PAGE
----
PALEOKASTRITSA – LIAPADES – SIDARI – PEROULADES – AFIONAS – AG.GEORGIOS – ETC.
Sidari: A top tourist resort which is known all over the world.The soft, sculptured rock formations of the coast lend this area an almost extraterrestial allure.
Peroulades: a traditional village with a rich architectural inheritance dating from Venetian times. You will see arches, doorways, old-fashioned grocers’ stores, and the ruins of the house where the poet Andreas Calvos lived. From this point a road leads to the spectacular shoreline at Cape Drastis.
Afionas: a peninsula which affords a fantastic view towards Agios Georgios Bay and over the open sea. From here you can see the island of Karavi (Ship) which has been the inspiration for many myths and legends. According to Pliny, it was the petrified ship of the Phaeceans, while in the surrounding villages they speak of the historical queen Pamphlagona, who ruled the city of the same name. It was said that her husband went away to fight a foreign queen, with whom he fell in love, and they fled together on his boat. The deceived Pamphlagona invoked Saint Nicholas, who punished her unfaithful husband by turning his ship to stone. The village of Afionas was first inhabited in the 6th century BC but it was abandoned shortly afterwards and re-inhabited in the 6th century AD by a dark-skinned race, probably members of a Mongolian tribe.
Agios Georgios (Pagi): a huge sandy beach on the bay of the same name, with crystal-clear, cold water. The afternoon wind, the ‘maestros’, makes it a favourite venue for fans of windsurfing. At the southern end of the beach, just where the road runs out, a footpath leads, after a walk of about ten minutes, to the picturesque ‘Fisherman’s Taverna’.
Pagi: a pretty village which managed not only to escape the raids of barbarians and pirates but has also avoided being exploited in the name of tourism, retaining its beautiful old houses. From here you can take a largely unmade road which leads to Vistonas. The road is passable and runs through some lovely areas.
Krini: This is the place to stop and quench your thirst from the well of ice-cold water which stands in the little village square. Or you can order a Greek coffee at the adjacent cafe, and sip it till the sun’s heat dies a little, then, rested, set off for the climb to Angelokastro.
Angelokastro: a Byzantine fortress, probably built in the 13th century by Michael II, Despot of Epirus. It is sited on a rock 160m above sea level, washed by the sea on three sides. with only one narrow passage connecting it to the land. Here, in 1537, 3000 people from the surrounding villages took refuge in the fortress, fleeing from the Turks. Up to the time of its abandonment in the time of the British Protectorate, the fortress remained impregnable. At the summit stands the little church of the Archangels Michael and Gabriel, while close up to the north-west wall a cave forms the chapel of Agia Kyriaki.
Lakones: a most picturesque village with narrow streets. Close by is the famed Bella Vista, which is said to have one of the best views in the Mediterranean. The village owes its name to its founders, refugees from Lakonia in the Peloponnese, who established a settlement at this spot.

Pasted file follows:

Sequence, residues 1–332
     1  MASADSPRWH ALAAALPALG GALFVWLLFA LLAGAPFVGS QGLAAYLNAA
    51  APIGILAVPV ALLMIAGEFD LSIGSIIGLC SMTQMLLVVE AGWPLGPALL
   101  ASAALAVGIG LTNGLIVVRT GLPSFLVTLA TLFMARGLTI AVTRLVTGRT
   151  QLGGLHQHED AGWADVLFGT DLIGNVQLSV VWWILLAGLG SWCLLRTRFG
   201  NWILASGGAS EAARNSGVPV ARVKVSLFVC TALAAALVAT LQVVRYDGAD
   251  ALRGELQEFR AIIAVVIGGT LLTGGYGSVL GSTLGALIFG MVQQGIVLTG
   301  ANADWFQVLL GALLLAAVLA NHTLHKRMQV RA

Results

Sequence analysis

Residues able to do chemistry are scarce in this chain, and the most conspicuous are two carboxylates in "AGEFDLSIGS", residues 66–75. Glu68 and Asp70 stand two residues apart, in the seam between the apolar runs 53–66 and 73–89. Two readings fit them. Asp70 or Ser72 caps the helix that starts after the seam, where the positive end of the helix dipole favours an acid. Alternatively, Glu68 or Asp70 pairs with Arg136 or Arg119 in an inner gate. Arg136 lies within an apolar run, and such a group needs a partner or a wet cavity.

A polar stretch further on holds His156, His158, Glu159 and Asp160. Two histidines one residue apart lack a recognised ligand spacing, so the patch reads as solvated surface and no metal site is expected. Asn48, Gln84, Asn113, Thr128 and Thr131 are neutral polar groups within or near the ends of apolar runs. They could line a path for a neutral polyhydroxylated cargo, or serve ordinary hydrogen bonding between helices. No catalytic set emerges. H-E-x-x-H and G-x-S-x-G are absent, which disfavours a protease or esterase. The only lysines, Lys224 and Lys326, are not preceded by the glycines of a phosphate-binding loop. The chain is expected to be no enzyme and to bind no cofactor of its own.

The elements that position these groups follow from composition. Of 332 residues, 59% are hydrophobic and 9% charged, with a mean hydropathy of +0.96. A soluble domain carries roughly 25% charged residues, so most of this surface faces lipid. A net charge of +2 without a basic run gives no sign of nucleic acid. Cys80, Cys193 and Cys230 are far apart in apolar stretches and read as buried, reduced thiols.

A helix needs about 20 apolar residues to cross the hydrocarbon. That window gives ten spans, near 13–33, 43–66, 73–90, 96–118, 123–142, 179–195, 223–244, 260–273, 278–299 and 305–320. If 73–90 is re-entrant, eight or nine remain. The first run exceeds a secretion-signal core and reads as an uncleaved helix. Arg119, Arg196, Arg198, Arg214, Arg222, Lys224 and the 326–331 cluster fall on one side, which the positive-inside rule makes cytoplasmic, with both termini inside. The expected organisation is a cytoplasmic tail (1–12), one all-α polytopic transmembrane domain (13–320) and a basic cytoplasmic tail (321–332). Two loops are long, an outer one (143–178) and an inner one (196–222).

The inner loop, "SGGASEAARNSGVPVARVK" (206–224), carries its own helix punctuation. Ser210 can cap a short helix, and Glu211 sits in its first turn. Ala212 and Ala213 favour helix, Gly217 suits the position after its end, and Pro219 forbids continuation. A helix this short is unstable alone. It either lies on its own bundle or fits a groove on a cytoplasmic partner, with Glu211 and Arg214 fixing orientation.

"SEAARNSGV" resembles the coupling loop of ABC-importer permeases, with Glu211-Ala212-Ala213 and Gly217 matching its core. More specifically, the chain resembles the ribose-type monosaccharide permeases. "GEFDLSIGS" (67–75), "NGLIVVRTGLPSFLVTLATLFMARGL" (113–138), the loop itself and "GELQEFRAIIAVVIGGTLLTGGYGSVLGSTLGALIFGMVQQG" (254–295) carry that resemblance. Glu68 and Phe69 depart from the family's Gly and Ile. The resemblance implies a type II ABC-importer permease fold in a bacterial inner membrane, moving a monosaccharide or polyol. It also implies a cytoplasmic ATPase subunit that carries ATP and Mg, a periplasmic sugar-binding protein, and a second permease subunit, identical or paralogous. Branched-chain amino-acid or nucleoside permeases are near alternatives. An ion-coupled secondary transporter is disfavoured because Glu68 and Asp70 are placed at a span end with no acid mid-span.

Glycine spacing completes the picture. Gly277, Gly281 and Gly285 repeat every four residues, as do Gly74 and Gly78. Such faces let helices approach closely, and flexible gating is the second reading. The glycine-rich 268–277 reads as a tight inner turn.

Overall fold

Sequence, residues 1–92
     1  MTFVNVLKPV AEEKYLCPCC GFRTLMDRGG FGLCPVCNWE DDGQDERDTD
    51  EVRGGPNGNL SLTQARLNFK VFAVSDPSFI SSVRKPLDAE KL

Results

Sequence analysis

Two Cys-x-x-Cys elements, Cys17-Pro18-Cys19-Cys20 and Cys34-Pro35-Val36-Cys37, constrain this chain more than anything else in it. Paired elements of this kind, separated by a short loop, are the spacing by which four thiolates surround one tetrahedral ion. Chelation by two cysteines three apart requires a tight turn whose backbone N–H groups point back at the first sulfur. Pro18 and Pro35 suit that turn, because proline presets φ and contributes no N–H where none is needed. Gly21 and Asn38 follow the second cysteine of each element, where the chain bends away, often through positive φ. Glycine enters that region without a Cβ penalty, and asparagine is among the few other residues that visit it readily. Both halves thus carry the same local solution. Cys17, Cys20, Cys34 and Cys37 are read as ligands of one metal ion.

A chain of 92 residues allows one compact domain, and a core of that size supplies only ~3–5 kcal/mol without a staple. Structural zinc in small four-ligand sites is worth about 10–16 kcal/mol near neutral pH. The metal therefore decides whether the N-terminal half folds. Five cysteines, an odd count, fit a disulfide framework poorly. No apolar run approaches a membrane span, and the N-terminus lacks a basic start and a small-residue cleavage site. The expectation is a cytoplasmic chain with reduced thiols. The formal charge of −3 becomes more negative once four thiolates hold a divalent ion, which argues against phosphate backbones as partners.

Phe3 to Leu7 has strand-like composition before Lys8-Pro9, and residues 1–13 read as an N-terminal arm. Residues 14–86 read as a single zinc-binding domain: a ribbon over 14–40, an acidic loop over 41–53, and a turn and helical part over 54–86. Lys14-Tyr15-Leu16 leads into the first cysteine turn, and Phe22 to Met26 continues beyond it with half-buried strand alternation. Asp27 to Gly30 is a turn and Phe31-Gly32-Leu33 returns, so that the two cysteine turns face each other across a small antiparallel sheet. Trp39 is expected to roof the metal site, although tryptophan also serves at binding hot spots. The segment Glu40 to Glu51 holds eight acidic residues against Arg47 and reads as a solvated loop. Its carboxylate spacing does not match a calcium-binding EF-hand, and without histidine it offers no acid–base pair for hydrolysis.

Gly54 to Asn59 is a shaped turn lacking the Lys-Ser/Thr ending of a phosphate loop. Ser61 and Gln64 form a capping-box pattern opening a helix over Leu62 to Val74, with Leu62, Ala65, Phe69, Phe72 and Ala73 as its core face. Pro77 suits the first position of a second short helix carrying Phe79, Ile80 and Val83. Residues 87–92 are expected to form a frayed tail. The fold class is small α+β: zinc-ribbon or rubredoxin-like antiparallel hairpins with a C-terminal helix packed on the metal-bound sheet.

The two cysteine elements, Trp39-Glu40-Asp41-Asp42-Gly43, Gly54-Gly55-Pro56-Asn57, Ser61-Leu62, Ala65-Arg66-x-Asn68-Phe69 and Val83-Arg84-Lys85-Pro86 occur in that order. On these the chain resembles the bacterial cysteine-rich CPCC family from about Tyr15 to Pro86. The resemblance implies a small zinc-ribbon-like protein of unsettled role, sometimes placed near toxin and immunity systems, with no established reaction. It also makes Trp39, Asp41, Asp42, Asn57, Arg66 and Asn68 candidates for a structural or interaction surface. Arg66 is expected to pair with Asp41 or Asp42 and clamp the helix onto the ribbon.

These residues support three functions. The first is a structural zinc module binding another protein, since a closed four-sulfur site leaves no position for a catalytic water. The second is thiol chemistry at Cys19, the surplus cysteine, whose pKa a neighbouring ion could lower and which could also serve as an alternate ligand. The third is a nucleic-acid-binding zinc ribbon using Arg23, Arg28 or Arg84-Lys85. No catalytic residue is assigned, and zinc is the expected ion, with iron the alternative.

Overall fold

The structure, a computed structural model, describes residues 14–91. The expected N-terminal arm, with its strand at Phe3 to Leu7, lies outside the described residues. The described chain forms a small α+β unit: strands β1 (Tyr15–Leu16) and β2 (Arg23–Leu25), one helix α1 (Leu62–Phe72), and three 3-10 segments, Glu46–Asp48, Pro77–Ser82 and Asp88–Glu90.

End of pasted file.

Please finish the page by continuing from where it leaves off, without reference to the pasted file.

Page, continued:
Paleokastritsa: is situated about 25 kilometres from town, linked to it by one of the widest and best laid-out roads on the island. Consisting of two impressive headlands and six coves, the area’s unique combination of lush vegetation, precipitous cliffs and sandy beaches has established it as a top-class resort. The northern promontory belongs to the Monastery of the Blessed Virgin Mary, which was founded in 1225. The building we see today is of a later date and houses a museum of Byzantine and post-Byzantine icons. Alipa Bay, apart from being the site of a naval base, has a small marina where visiting yachts and local fishing boats anchor. In the immediate surroundings of Paleokastritsa you will find some of the island’s biggest hotels, best restaurants and liveliest bars. Special note should be taken of the wonderfully clear, deep sea of the area, a favourite spot for scuba diving and harpoon fishing.
Kolovri: is the name of the rock which rises out of the sea in the bay of Paleokastritsa. It is one of the many rocks reputed to be the petrified ship of Odysseus.
Liapades: a beautifully built village of 900 inhabitants, renowned for its wine, produced from grapes of the kakotrygis variety. Ideal swimming is to be found at the nearby beach of Liapades, and boats may be hired to take you to other beaches in the area.
Kyprianades has very ancient roots and was once prosperous and well-populated. Today, few folk remain, but it is worth visiting this corner of Corfu to marvel at the surrounding natural beauty. The Tyflos River, with its wonderful flora and fauna, passes close by. As well as eels and turtles, freshwater whitebait and spawn live in the river. Riverbank footpaths lead to Kefalovriso, where you can drink clean, cool water from sources on Mt. Pantokrator. .
Agii Douli: a quaint village with Venetian houses and Byzantine origins. The ‘agii douli’ (holy slaves) were the servants who worked the land belonging to the Church in Byzantine times.
Skripero: a large village with old mansions and an outstanding musical and folkloric heritage. Its Philharmonic Society was founded at the turn of the 20th century.The Albanian word for hillside is ‘skrip’, and this may be directly connected with the name of the village, although the Italian ‘scrivere’ (write) remains from the time when Skripero was the capital of the Municipality of Epilimnion, the base for local authorities such as magistrates and police.